A sneak preview of my upcoming historical romance. Enjoy!
Jefferson Parish, Louisiana
“A commoner? Father, you do realize our family can be traced back to the echelons of European royalty? You still correspond with relatives in England and France.” Francine Beaumont was hardly ready to lay down her virginity for a man who bought his way into high society.
“What a despicable thing to say about a man you do not know. Besides, he can offer you a large plantation, slaves, and wealth. We are faltering, my dear. Certainly you have seen how household expenses have been cut in the past year,” Lord Arnaud Beaumont admonished his eldest daughter.
Francine had spurned nearly every suitor placed in her path, but now it was time to marry off the bane of his existence. How had something so vicious spawned from such a gentle-born woman as Francine’s mother? If only she were living now. Perhaps genial Marie would have been able to calm their daughter’s ire.
“It is tantamount to selling me off to the highest bidder, Papa!” Francine attempted to use the childhood endearment so often uttered by her much more pliable sister.
“The matter is settled!” Lord Beaumont pounded his fist on the top of the polished desk, causing Francine to flee the room in tears, past her younger sister, Adrienne. She watched the retreating form of Francine for a few moments before creeping into her father’s study.
Arnaud was relieved to see his sweet, patient daughter appear in the doorway. Her pleasant face was encircled with golden ringlets, her clear, blue eyes full of love and concern. Adrienne, his pride and joy, so much like her mother in every way, would never have protested an arranged marriage. She would have considered it her honor, and duty, to oblige. She was the opposite in every way to her tantruming sister.
“Papa, you mustn’t let Francine trouble you. Remember your constitution…” Adrienne had always been aware of the troubles plaguing her father. They had caused him to suffer horribly with stomach pains, only recently diagnosed as ulcerous. She knew Francine had no idea, nor would she care.
“Ma petite, you are too kind. If only it were you who Henri Du Cormier sought.”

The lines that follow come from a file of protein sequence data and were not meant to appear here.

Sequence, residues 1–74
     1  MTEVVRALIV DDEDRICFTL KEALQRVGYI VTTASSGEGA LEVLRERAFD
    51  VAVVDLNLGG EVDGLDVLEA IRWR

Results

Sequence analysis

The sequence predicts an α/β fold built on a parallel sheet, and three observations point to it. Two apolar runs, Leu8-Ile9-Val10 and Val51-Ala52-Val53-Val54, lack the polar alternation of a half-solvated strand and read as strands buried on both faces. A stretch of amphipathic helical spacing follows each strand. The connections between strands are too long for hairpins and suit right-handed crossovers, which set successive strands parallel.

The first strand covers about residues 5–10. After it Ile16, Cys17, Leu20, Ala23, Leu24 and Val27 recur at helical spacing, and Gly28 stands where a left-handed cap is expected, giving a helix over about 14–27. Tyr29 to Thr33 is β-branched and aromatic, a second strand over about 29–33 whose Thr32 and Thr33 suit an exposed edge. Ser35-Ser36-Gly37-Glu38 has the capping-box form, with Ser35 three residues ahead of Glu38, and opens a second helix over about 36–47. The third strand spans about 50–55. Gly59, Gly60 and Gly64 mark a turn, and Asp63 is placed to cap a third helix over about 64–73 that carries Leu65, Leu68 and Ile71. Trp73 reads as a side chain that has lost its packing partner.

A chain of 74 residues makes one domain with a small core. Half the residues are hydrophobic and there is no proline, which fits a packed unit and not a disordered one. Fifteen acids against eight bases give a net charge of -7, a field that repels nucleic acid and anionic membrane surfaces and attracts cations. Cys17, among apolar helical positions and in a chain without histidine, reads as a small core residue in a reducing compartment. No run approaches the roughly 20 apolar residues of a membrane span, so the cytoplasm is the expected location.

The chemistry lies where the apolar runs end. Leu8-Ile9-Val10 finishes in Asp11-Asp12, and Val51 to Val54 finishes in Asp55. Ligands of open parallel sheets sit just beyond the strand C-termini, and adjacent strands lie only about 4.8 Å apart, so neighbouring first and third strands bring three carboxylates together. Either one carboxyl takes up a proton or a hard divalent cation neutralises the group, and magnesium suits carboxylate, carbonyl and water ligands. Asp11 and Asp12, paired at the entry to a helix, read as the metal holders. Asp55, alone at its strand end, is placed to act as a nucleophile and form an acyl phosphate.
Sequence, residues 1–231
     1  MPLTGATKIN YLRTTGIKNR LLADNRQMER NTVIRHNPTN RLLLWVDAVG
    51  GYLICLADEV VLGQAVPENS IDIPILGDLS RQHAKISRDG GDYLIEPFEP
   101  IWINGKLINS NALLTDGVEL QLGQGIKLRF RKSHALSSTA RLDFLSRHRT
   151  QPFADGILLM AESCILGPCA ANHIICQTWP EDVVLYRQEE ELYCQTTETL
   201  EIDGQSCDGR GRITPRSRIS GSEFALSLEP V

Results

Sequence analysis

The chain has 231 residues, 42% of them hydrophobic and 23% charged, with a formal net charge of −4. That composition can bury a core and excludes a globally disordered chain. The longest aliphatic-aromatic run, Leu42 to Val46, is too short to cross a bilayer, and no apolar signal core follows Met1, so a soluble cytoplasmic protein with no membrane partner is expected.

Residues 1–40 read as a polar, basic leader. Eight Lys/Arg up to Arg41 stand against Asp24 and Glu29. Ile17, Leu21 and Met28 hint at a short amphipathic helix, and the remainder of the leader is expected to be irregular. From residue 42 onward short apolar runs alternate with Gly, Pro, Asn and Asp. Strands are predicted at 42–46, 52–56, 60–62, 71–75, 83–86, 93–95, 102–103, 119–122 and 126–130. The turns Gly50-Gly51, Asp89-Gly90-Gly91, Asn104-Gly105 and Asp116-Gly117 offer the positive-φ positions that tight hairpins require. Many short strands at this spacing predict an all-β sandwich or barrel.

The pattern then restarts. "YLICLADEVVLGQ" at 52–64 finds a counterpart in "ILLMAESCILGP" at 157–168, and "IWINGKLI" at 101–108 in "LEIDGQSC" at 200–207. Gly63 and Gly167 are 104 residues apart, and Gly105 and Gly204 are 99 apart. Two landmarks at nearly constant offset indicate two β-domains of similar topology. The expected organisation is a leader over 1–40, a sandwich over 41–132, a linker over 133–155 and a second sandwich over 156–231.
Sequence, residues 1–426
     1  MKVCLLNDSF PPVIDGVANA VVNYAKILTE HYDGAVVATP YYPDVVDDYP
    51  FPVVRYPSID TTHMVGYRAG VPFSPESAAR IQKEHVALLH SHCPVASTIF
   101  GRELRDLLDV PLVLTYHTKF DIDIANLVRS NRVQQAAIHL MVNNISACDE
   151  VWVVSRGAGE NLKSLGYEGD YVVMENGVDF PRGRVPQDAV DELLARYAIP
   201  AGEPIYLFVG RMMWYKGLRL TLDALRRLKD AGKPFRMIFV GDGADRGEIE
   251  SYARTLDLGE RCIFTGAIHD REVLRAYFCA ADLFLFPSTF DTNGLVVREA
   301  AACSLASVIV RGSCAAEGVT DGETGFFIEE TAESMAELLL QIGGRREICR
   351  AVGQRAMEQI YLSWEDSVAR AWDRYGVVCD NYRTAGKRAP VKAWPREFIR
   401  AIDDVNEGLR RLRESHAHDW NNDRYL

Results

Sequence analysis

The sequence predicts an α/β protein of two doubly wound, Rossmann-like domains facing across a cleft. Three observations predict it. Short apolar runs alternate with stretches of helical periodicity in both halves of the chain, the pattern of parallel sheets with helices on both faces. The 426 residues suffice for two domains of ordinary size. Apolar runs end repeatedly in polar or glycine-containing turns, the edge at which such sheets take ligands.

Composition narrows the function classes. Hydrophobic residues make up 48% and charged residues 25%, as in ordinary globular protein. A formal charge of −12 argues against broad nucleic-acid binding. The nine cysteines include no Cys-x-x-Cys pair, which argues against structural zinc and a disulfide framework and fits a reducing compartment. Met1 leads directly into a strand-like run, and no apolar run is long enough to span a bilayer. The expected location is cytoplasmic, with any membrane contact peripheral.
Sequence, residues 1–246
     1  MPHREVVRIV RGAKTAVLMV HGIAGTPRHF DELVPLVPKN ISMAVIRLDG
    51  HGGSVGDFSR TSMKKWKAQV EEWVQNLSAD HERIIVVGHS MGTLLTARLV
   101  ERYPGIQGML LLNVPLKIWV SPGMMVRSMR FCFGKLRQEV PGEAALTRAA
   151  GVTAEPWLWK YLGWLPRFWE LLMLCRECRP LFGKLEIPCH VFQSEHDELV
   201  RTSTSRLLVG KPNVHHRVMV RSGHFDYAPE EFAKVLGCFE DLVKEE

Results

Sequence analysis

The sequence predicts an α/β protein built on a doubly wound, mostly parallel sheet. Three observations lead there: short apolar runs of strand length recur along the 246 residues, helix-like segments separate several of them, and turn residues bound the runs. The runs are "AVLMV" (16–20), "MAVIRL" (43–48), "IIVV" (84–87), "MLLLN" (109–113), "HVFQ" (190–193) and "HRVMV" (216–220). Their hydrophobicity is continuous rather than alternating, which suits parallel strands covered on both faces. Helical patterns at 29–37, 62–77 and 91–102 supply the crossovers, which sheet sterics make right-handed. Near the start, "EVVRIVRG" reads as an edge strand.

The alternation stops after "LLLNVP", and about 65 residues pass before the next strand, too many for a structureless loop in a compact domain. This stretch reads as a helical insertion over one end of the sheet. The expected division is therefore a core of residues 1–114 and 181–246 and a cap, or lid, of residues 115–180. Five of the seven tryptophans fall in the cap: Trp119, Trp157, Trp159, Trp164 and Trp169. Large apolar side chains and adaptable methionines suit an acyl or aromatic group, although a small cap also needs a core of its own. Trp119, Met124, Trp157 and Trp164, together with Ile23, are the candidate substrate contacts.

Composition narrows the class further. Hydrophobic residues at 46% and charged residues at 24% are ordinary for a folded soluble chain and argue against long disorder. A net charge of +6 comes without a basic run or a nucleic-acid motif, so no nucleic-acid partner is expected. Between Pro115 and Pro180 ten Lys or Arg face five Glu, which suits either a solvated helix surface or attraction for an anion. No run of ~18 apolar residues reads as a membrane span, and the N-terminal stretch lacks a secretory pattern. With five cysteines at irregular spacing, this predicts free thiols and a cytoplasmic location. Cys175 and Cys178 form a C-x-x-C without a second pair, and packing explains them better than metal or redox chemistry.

Seventeen-year old Adrienne was already well-versed in the matters of arranged marriage, knowing though she had more chance of marrying for love than her titled, elder sister. Francine looked upon Adrienne with contempt, envying her freedom, however minute.
“Papa, if I could, I would gladly take her place. Why does Monsieur Du Cormier seek a bride with a title? Surely such things do not matter here anymore.” Louisiana was a part of the United States. The French Revolution had dispatched with the monarchy, and the British held no control over them. Titles were obsolete relics of the past.
Arnaud rubbed the bridge of his nose, removing his silver-rimmed spectacles, and closing his doleful chocolate brown eyes. His greying, dark brown hair only betrayed his age. “I wish I knew, ma petite. He came into this money suddenly, only able to buy St. Esprit through sheer luck! I wish it were different. My title, therefore Francine’s, is useless.”
Adrienne crossed the room, kneeling at her father’s side, no care that she wrinkled her carefully pressed silk gown. “Mayhap we could speak to him? Surely he would not want such a wife as Francine, once he sees her ways.”
“Francine would never disgrace herself by behaving poorly at a public function, especially with the height of society attending.” Arnaud shuffled some papers aside. “It would alleviate my anguish greatly if you were to find a husband, someone to make you completely happy beyond your wildest dreams.”
Smiling warmly, Adrienne gazed up at her mother’s portrait above the fireplace. Her mother, Marie, was captured in the prime of youth and beauty. She saw her mother’s features in herself, knowing this was why her father favored her so. “You mean like how you were with Mama?”
Arnaud lifted his gaze, peering up at his beloved. They had grown up in a tumultuous world in pre-revolutionary France, hiding their aristocratic upbringing. When Arnaud had prospered in the shipping business, the young couple made their way to the French owned Louisiana territory. How they celebrated when the United States bought it, knowing their daughters would grow up in a free country.